Fake It 'Til You Make It: Five Steps to Calming Down

You’ve probably heard the phrase, “Fake it ‘til you make it.” You might agree with it, love it or hate it. The idea is to act how you want to feel even when you really, really REALLY don’t feel like it. While I won’t go into the “science” of fake it ‘til you make it, I will share with you what I teach my client’s regularly and provide some insight regarding how it works.

The brain takes information in from your many senses and puts it all together to understand what is going on in the environment. Based on that information it determines what to release to the rest of your body. If the senses relay to the brain that danger is present, the brain secretes a powerful biological agent to the body in preparation to protect and defend you. If the senses relay to the brain that all is well and things are “chill”, then the brain will send powerful biological agents to help you calm down and rest.

When PTSD or trauma has been present in the self-system triggers can be known and unknown to you. It often feels like your stress, anxiety, or fear kicks in out of nowhere and can be overwhelming. This is normal in individuals with PTSD and likely stays that way until the individual learns skills to manage the symptoms and reprocesses the originating event(s) causing the disturbance.

If you feel triggered easily, give these five steps a try. The steps involve getting correct information to the brain to help it calm the body down.

First name it by saying something like, “I must’ve just been triggered by something” or “Something just happened and I think I was triggered by it.” Add to it how you feel. Perhaps, “I feel really scared” or “I am noticing a lot of fear in my body.” It is awful to be triggered so this is easier said than done, but you can do it so give it a try. When you name your emotion the upper brain releases neurotransmitters to the lower part of the brain (the emotion center) to help it calm down.

Second, see if you can take a deep breathe in and out, with an emphasis on the exhale and out-breath. Every time you inhale you activate the sympathetic nervous systems (connected to your ability to move, defend yourself, and get mad at the guy who cut you off in traffic). Every time you exhale it activates the para-sympathetic nervous system (connected to your ability to rest, digest, and binge watch Netflix). By working with the out-breath you are recruiting the part of your nervous system that helps calm you down. In through your nose, and out through your mouth. Blow it out (from deep down). Then, again, inhale through your nose, and exhale from your toes. Keep with it.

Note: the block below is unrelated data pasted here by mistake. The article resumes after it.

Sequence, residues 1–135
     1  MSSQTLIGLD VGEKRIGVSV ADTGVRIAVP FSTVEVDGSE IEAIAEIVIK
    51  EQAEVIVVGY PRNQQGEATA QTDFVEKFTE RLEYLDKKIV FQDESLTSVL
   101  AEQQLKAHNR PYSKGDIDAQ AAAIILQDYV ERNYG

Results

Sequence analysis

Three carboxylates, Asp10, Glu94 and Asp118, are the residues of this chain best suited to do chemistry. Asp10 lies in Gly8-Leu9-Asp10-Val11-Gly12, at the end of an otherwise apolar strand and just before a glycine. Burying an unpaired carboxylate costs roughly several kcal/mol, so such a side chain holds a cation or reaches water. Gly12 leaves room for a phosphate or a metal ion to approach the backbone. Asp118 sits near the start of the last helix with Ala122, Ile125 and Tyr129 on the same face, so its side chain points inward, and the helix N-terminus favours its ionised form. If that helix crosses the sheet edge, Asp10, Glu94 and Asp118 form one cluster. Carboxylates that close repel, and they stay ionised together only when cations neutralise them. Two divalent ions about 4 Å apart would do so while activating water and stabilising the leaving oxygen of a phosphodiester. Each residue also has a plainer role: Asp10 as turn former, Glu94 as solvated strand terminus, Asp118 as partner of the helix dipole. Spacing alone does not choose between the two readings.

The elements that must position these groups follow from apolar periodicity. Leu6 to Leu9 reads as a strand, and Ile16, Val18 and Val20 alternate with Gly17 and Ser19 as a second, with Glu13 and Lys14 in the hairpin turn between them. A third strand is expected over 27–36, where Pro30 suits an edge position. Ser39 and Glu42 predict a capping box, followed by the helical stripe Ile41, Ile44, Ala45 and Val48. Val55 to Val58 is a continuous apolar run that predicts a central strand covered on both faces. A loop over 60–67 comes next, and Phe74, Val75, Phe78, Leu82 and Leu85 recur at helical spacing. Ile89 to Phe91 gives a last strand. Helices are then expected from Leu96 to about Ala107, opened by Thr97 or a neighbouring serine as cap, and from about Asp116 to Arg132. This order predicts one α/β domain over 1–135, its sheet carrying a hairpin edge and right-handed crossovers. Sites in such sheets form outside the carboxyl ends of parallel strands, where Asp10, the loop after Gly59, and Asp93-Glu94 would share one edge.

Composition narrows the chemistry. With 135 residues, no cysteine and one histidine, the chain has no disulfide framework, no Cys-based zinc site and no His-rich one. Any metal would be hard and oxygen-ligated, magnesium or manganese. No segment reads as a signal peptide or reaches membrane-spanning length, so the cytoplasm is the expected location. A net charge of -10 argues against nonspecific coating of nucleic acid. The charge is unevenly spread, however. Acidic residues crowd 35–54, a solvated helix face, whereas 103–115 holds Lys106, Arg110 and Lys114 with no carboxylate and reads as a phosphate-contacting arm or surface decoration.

Third, check your surroundings. Using very slow movements, turn your head to the right and left - back and forth. This movement should be extremely slow (almost turtle slow). Turn that head all the way to the left and all the way to the right. Eyes up and down (sl-ow-ly) checking your environment. Name the things that you see. Name them out loud if you’re at liberty to do so. This is a way of grounding yourself to the present moment. Turning your head activates the social engagement part of the brain. This slow and intentional movement is sending information to the brain that you are okay. You are safe. It tells the brain, “we’re good.” Naming and describing things you see is a classic grounding technique used in many approaches. It activates the front part of the brain in charge of executive calculated thinking.

Fourth - assuming the environment is safe - tell yourself that you ARE safe. Something like, “I feel scared AND I am safe. Whatever is bothering me is old stuff; it’s over now and I am safe in this moment.” This is another feedback loop to the brain. Our ears hear what we say (outloud) and that information gets to the brain as new insight. Saying it to ourselves internally is not as effective because you aren’t using your sense of hearing to take the new information in.

Lastly, check in with your posture. Are you in a tense, restricted position or posture? Typically, when triggered, individuals are in a constricted position (muscles tight, eyes narrowed, and body in a protective position). This is actually the position you’d want to be in if you were in a dangerous scenario. The stress hormone is getting the body ready to fight, flee, or freeze. But, since you’ve determined there is nothing to be afraid of, the position of constriction is sending faulty information to your brain. So, again, assuming all is safe around you, try opening your posture up. Stand or sit with your chest open, shoulders rolled back, and head held level. Soften your face. This is sending more accurate information that the brain can use to help the body start to actually feel better. When the body relaxes the brain recognizes this and will stop sending so much of that (awful feeling) stress hormone.

Please keep in mind that this work will not be effective if you are in an unsafe or unstable environment. Get yourself somewhere safe first. If you need help, please contact the National Domestic Violence Crisis Hotline here or call them at 1-800-799-7233.

Give these steps a try for anxiety, panic, and any other overwhelming symptom. Feel free to reach out to us to learn more about trauma, adversity and how to resolve problems at their root(s).

Resilient Life Therapy is located at 1001 Twelve Oaks Center Drive, Wayzata, MN 55359.

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